The Top 5 Autosomal DNA Tests of 2018

The Top 5 Autosomal DNA Tests of 2018

With genetic genealogy testing now in its late adolescence, these five autosomal DNA tests are making the grade with millions of consumers. Here’s why each one may be worth your while.
best dna test top autosomal
Scientist with pipette loading DNA gels in laboratory

It’s been about 18 years since the first consumer genetic tests for family history hit the market. This puts the DNA testing industry well into an exciting—and turbulent—adolescence. Companies are working hard to establish unique identities, choose appropriate peers, set lofty goals and outgrow awkward blemishes. You can see them changing their looks and becoming more sophisticated. It’s a time of transition, experimentation and opportunity.

In recent years, one type of DNA testing has reached “Most Likely to Succeed” status: the autosomal test. Its affordability and applicability to all branches of a family tree makes it an all-around popular choice with millions who have tested already.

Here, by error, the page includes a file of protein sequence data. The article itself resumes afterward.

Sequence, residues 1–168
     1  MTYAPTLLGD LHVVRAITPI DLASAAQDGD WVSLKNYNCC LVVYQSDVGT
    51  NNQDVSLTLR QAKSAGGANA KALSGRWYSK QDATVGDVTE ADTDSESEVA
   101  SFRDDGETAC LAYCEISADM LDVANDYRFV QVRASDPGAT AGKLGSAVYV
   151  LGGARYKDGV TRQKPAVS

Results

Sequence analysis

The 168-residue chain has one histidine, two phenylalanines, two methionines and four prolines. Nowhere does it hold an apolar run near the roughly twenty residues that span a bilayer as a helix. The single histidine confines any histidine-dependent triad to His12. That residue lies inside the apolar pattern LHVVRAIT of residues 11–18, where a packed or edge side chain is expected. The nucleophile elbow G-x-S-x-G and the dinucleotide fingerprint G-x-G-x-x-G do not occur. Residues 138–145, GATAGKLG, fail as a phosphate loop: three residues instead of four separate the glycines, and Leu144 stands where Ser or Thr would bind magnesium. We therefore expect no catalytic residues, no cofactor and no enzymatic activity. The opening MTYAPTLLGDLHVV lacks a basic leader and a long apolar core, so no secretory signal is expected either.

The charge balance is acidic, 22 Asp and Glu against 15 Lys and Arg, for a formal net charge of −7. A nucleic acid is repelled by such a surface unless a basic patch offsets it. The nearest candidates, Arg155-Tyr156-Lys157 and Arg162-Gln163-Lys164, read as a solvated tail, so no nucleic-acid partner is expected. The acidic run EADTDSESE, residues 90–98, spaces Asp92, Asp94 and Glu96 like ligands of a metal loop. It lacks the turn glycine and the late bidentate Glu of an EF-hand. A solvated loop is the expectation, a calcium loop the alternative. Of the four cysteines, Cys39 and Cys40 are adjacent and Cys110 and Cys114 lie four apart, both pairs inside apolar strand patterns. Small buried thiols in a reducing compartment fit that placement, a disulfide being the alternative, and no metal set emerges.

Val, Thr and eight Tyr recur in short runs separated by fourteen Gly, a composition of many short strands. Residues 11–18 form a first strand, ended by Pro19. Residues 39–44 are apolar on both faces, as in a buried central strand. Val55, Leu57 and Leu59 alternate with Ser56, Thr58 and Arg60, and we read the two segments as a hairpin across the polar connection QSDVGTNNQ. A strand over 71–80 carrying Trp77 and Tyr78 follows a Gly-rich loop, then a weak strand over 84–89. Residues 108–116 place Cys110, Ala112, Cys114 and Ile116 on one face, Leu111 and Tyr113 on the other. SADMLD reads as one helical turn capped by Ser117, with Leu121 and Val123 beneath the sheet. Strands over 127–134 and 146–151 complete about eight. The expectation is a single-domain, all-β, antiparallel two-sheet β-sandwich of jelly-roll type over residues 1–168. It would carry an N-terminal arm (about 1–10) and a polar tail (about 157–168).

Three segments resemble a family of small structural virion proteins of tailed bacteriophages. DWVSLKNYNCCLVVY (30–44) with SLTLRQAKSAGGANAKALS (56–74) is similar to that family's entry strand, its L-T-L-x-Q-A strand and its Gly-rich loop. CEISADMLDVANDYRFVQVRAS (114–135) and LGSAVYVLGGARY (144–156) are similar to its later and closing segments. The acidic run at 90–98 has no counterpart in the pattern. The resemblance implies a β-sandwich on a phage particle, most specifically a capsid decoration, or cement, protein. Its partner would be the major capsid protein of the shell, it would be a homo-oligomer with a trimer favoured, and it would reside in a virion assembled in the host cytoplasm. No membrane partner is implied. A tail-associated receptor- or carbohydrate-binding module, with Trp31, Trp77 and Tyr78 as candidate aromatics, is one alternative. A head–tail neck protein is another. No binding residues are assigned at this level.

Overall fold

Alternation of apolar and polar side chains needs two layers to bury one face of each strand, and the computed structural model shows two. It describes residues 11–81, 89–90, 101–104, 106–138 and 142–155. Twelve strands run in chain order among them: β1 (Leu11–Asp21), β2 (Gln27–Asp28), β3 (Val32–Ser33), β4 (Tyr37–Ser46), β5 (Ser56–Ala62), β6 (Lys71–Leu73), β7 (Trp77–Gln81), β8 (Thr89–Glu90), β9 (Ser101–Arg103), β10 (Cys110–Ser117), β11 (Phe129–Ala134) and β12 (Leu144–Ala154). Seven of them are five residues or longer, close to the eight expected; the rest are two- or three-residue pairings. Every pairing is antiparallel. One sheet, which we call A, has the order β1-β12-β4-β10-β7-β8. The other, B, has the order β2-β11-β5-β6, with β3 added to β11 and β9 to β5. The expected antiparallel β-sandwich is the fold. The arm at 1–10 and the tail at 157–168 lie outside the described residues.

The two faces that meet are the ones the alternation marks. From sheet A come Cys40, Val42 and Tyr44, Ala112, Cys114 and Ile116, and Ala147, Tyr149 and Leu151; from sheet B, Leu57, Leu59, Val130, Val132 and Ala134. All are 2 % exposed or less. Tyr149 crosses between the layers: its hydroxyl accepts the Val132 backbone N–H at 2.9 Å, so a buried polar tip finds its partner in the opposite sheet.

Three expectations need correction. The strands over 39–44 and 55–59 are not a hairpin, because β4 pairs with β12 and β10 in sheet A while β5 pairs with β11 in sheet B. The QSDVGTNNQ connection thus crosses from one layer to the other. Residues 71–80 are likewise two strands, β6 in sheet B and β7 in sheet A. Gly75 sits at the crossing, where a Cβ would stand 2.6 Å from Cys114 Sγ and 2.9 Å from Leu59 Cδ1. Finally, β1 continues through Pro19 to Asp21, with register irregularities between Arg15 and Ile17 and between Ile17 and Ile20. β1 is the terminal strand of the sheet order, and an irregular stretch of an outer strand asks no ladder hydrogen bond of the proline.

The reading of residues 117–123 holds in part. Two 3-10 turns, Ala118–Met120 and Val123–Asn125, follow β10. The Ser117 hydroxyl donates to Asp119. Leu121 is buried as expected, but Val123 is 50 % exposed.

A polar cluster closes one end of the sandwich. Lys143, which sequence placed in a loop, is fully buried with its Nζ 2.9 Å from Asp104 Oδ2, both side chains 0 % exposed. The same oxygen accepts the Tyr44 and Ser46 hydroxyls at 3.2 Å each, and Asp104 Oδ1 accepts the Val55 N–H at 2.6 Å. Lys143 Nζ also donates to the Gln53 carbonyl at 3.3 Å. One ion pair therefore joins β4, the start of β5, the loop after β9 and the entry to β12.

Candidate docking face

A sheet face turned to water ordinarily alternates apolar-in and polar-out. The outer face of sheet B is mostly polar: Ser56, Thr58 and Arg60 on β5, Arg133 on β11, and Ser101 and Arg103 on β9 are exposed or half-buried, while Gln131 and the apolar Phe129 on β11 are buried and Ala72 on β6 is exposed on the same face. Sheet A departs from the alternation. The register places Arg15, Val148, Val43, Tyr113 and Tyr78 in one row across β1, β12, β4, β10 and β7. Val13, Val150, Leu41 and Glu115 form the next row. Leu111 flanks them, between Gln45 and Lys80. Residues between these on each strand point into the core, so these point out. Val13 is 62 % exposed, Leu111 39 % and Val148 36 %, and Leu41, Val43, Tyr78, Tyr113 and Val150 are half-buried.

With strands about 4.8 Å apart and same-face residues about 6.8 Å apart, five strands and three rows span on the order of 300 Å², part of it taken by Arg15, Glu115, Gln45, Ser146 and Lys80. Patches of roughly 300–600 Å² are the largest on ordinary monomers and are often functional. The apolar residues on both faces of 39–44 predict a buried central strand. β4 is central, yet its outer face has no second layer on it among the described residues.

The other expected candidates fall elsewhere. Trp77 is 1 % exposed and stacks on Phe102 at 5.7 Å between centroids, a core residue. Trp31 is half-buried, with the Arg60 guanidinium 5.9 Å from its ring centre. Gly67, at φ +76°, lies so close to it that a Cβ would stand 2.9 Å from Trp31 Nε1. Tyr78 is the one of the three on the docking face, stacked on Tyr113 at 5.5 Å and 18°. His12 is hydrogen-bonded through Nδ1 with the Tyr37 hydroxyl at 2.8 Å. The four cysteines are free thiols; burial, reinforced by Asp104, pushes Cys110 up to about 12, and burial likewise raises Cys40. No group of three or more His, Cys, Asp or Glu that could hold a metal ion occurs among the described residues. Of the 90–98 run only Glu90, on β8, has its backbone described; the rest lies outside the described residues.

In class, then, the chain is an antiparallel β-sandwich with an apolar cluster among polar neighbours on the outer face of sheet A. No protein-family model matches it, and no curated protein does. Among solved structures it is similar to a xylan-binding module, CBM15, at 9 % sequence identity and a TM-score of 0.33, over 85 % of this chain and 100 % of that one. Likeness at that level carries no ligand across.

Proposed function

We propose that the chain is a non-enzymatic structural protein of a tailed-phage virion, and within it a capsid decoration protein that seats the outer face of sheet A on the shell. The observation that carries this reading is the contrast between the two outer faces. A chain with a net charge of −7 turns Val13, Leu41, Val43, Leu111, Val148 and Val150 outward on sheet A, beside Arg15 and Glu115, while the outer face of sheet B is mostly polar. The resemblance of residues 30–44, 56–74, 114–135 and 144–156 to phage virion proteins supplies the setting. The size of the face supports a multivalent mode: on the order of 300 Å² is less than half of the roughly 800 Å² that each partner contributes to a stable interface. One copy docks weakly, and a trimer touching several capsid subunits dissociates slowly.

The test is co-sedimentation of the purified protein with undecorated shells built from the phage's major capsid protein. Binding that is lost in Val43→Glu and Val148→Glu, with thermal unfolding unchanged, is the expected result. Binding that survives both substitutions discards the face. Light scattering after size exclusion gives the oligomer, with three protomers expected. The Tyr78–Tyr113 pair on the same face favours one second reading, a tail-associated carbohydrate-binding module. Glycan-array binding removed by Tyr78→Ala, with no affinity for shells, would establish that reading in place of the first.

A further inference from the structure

Let us introduce you to the top five autosomal test providers for the Class of 2018. Some you already may know. At least one is a “new kid” you’ll want to meet. As you read over their profiles, don’t worry about which to vote “most popular” or “best-looking.” Instead, consider which test would help you meet your next genealogy goal—the one you’d vote “most likely to assist with your family history research.”

Diving into the gene pool

DNA testing for genealogy has been around since 2000, but early options were somewhat limited. In those days, you could take a mitochondrial DNA (mtDNA) test to look at your maternal-line ancestry; and if you were male, you also could take a Y-chromosome (Y-DNA) test to trace your direct paternal line. Family Tree DNA led the market ahead of companies including Oxford Ancestors and Gene­Tree. The latter company sold its testing business to Ancestry.com in 2012. While still valuable today, these two kinds of tests have a glaring limitation: They leave out every ancestor between your direct paternal and direct maternal lines.